Global tourism is perhaps the largest scale movement of goods, services, and people in history. Consequently, it is a significant catalyst for economic development and sociopolitical change. While tourism increasingly accounts for ever greater segments of national economies, the consequences of this growth for intercultural interaction are diverse and uncertain. The proliferation of tourists also challenges classic theoretical descriptions of just what an economy is. What are the commodities being consumed? What is the division of labor between producers and clients in creating the value of tourist exchanges? How do culture, power, and history shape these interactions? What are the prospects for sustainable tourism? How is cultural heritage being shaped by tourists around the world? These critical questions inspired this volume in which the contributors explore the connections among economy, sustainability, heritage, and identity that tourism and related processes makes explicit. The volume moves beyond the limits of place-specific discussions, case studies, and best practice examples. Accordingly, it is organized according to three overarching themes: exploring dimensions of cultural heritage, the multi-faceted impacts of tourism on both hosts and guests, and the nature of touristic encounters. Based on ethnographic and archaeological research conducted in distinct locations, the contributors' conclusions and theoretical arguments reach far beyond the limits of isolated case studies. Together, they contribute to a new synthesis for the anthropology of tourism while simultaneously demonstrating how emerging theories of the economics of tourism can lead to the rethinking of traditionally non-touristic enterprisesfrom farming to medical occupations.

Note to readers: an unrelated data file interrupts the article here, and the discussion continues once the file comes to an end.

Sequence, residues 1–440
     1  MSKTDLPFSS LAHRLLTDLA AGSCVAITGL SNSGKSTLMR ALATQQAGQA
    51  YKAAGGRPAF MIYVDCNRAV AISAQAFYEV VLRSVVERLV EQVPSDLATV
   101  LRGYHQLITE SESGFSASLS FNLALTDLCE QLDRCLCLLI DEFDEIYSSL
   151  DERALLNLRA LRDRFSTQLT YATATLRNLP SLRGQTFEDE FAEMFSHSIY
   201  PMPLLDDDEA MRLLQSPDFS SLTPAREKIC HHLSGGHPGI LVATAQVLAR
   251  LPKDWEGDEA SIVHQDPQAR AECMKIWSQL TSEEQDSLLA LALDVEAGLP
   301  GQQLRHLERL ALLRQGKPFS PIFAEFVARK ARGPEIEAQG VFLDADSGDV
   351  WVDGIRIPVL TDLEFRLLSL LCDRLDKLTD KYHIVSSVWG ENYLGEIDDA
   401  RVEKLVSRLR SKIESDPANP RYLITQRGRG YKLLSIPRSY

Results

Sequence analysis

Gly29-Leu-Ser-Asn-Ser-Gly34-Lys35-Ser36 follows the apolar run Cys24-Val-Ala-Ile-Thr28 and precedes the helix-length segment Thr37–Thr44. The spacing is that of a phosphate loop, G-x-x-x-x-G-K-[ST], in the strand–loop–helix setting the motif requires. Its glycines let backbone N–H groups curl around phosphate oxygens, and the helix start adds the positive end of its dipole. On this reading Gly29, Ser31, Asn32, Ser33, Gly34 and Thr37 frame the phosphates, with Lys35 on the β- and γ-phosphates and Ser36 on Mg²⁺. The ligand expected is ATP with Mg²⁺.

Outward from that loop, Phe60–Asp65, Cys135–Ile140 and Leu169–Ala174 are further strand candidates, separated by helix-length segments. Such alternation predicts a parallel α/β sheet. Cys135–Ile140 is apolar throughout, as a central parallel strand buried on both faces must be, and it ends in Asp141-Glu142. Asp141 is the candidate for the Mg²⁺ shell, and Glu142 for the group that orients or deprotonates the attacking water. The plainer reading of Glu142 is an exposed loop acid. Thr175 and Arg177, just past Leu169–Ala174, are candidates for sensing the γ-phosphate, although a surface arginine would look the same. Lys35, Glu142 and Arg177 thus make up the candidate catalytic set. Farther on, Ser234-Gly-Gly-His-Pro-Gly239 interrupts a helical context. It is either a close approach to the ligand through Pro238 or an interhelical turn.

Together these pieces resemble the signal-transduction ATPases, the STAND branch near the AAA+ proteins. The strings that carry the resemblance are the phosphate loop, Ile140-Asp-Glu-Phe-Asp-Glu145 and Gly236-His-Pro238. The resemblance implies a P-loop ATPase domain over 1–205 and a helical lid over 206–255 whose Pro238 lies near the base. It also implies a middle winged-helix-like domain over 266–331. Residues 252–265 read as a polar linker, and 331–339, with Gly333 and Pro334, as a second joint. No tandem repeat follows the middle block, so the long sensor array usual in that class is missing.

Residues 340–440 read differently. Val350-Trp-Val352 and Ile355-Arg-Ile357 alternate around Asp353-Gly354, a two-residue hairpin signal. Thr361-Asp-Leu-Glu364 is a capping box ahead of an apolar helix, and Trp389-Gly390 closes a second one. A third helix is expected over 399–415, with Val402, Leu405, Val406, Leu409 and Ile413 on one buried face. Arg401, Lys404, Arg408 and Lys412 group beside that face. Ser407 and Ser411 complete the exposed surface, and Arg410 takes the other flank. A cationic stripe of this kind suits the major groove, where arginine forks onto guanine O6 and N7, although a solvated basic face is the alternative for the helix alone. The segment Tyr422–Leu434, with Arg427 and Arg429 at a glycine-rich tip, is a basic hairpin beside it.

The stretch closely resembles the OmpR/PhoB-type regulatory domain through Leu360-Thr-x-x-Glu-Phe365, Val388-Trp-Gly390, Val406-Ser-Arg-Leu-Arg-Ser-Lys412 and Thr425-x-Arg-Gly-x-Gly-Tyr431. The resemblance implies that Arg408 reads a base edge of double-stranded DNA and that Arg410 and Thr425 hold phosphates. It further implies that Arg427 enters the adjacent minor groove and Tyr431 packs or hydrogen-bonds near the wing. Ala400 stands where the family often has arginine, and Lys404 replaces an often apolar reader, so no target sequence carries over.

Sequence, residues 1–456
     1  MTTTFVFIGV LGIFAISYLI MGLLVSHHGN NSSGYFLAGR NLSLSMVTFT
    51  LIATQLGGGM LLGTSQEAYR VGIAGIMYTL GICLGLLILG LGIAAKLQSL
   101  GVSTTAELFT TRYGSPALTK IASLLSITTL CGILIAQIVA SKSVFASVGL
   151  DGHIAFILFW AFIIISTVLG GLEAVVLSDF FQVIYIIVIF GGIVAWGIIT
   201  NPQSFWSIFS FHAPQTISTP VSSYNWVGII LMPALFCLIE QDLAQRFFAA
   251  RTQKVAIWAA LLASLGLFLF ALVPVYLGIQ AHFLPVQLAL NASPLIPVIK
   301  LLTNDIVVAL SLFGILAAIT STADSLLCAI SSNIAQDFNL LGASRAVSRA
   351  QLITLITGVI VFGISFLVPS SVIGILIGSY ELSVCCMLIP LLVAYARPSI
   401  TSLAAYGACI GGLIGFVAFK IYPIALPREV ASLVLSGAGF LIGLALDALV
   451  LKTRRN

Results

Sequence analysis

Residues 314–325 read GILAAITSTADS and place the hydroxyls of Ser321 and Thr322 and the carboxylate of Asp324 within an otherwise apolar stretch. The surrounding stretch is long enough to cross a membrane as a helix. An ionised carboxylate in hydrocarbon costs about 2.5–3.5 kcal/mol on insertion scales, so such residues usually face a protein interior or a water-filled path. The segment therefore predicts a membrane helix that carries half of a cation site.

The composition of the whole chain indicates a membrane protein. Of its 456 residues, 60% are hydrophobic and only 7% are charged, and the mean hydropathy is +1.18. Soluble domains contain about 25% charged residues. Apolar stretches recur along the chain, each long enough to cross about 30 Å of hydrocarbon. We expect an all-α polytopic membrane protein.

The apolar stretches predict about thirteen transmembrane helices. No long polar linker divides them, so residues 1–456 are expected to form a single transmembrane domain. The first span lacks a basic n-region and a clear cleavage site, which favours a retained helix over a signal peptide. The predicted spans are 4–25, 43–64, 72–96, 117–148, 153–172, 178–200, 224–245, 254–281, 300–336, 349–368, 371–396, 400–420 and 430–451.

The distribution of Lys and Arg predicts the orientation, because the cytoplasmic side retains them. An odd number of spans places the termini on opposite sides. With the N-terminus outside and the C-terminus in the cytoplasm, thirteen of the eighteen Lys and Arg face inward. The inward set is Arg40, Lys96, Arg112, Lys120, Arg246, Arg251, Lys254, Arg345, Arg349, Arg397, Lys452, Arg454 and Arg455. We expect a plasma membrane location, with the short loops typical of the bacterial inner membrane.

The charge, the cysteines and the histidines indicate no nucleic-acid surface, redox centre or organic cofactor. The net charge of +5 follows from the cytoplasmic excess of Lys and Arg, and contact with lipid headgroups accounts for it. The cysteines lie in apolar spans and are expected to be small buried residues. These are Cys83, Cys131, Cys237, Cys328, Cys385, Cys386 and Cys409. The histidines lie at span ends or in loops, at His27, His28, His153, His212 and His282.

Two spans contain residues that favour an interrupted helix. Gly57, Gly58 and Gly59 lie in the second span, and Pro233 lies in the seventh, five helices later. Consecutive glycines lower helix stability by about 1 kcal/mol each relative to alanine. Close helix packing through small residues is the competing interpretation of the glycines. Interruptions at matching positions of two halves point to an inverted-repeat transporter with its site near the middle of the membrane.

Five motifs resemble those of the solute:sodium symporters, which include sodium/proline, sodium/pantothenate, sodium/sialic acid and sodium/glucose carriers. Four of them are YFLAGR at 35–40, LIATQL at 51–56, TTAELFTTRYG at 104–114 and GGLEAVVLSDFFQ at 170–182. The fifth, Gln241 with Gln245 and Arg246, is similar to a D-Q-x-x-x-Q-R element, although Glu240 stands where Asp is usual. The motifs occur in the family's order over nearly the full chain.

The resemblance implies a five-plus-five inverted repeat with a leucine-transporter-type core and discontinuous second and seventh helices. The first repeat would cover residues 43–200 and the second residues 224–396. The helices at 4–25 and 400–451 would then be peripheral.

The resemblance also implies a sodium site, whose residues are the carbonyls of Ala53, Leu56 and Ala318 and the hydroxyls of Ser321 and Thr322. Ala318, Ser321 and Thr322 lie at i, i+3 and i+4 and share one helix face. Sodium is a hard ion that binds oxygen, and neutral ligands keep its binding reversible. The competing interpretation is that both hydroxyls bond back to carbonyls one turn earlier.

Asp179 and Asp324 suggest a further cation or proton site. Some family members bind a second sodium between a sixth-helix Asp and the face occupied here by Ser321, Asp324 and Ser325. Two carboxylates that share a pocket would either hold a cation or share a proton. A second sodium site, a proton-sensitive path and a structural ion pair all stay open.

Cultural Heritage and Economic Encounters